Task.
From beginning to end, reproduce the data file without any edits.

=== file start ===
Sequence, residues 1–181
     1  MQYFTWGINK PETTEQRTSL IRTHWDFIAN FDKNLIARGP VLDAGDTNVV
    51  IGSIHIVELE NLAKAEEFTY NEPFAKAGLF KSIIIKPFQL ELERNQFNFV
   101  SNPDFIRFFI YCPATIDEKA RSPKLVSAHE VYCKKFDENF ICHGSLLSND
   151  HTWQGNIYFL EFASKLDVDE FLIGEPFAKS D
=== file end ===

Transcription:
Sequence, residues 1–181
     1  MQYFTWGINK PETTEQRTSL IRTHWDFIAN FDKNLIARGP VLDAGDTNVV
    51  IGSIHIVELE NLAKAEEFTY NEPFAKAGLF KSIIIKPFQL ELERNQFNFV
   101  SNPDFIRFFI YCPATIDEKA RSPKLVSAHE VYCKKFDENF ICHGSLLSND
   151  HTWQGNIYFL EFASKLDVDE FLIGEPFAKS D